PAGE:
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Hard Water Salmon in New Hampshire

The hard water salmon are experiencing in New Hampshire could alter early spring fishing.

Winnipesaukee. A lake so named by the North American Indian tribe of Abernaki Indians, native to New England and Canada. The unwritten Abernaki tongue has its roots in the Algonquin language.

While the original meaning of the name Winnipesaukee may have been lost to history, more poetic meanings out of several proposed is “the smile of the great spirit,” based on an old Indian folk tale.

If that meaning rings true, residents of the area must feel like the winter of 2013-2014 was more like a cold hard stare than a smile. Near-record snowfall and an extended cold temperature season has “left over two feet of ice on the lake,” reports Large Lake Fisheries Biologist Donald Miller of the New Hampshire Fish and Game Commission.

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An abundance of “hard water” this year has put a damper on one of the area’s most popular outdoor sports, salmon fishing. “Ice out is generally in mid-April, but this year we are predicting it to be a little later, somewhere around April 25th,” says Miller. The ice fishing season ends by law on March 31st.

Along with bank fishing and small watercraft (like canoes) are allowed in available open water. General boating is not permitted on the lake until the majority of the ice has cleared.

According to Mike Nute of AJ’s Bait and Tackle located in Meredith NH, “Right now the fishing is slow. The fish are chiefly being caught on live baits; smelt seems to be working well as most folks are bobber fishing from shore. The average fish taken is about 18 inches with some lake trout, which are also present in the area, getting up to 23 inches and four and a half pounds.”

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The landlocked salmon are genetically identical to their Atlantic cousins, but do not grow to the same size.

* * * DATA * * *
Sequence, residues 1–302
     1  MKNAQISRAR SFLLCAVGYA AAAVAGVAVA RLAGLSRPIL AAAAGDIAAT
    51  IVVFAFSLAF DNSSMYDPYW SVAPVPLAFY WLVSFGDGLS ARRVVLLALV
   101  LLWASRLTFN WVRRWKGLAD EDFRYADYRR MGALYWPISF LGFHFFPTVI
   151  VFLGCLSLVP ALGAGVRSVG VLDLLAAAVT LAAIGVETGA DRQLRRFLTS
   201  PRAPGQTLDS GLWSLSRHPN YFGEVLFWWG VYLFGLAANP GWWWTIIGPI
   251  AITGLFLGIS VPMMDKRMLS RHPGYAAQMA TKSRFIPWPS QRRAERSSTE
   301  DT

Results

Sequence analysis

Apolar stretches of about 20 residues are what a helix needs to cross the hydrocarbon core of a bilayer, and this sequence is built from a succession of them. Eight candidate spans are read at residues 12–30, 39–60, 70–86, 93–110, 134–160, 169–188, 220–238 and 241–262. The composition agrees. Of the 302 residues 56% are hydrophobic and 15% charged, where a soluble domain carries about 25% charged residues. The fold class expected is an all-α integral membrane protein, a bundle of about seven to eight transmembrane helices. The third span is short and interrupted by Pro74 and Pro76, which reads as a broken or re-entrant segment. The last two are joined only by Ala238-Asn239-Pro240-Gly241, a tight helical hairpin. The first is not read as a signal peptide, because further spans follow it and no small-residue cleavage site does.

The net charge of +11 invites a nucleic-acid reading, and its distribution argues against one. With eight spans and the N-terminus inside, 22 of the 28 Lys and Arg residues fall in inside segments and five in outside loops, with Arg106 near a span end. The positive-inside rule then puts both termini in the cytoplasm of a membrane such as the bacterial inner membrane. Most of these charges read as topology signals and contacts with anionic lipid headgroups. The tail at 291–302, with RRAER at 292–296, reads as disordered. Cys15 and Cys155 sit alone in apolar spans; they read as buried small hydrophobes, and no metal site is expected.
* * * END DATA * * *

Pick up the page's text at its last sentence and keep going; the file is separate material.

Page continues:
Landlocked salmon (Salmo salar Sebago) are a subspecies of Atlantic salmon. The type found in New Hampshire is the Sebago salmon. Landlocked salmon, as the term suggests, never migrate to the sea. Their entire life cycle is different from the Atlantic variety and is spent entirely in freshwater.

According to Miller, the average Sebago salmon taken is 2 and a half to 3 and a half pounds, with a large fish reaching 5 and a half pounds.

Salmon and rainbow trout often congregate near dams. When the spillways are opened they will slide right through, and spend the remainder of their lives in the surrounding rivers. These types of fish are called “drop-down” fish.

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With warmer weather fast approaching, the fishing should pick up. The lake, as always, will eventually thaw and hard water will be just a memory until old man winter makes his way back again later this year.

As spring approaches, perhaps a quote from M.F. Sweetster’s 1889 Guide to New England best describes the lake and its surrounding hamlets and wildlife. The concluding lines read: “Whose crystal wave, mid rock and isle, reflect unchanged the spirit’s smile.”

At least I like to think so anyway…

Do you plan to fish in New Hampshire’s Lake Winnipesaukee this spring? How will the later ice out date affect your plans?

 

Featured image via Wikimedia

Hard Water Salmon in New Hampshire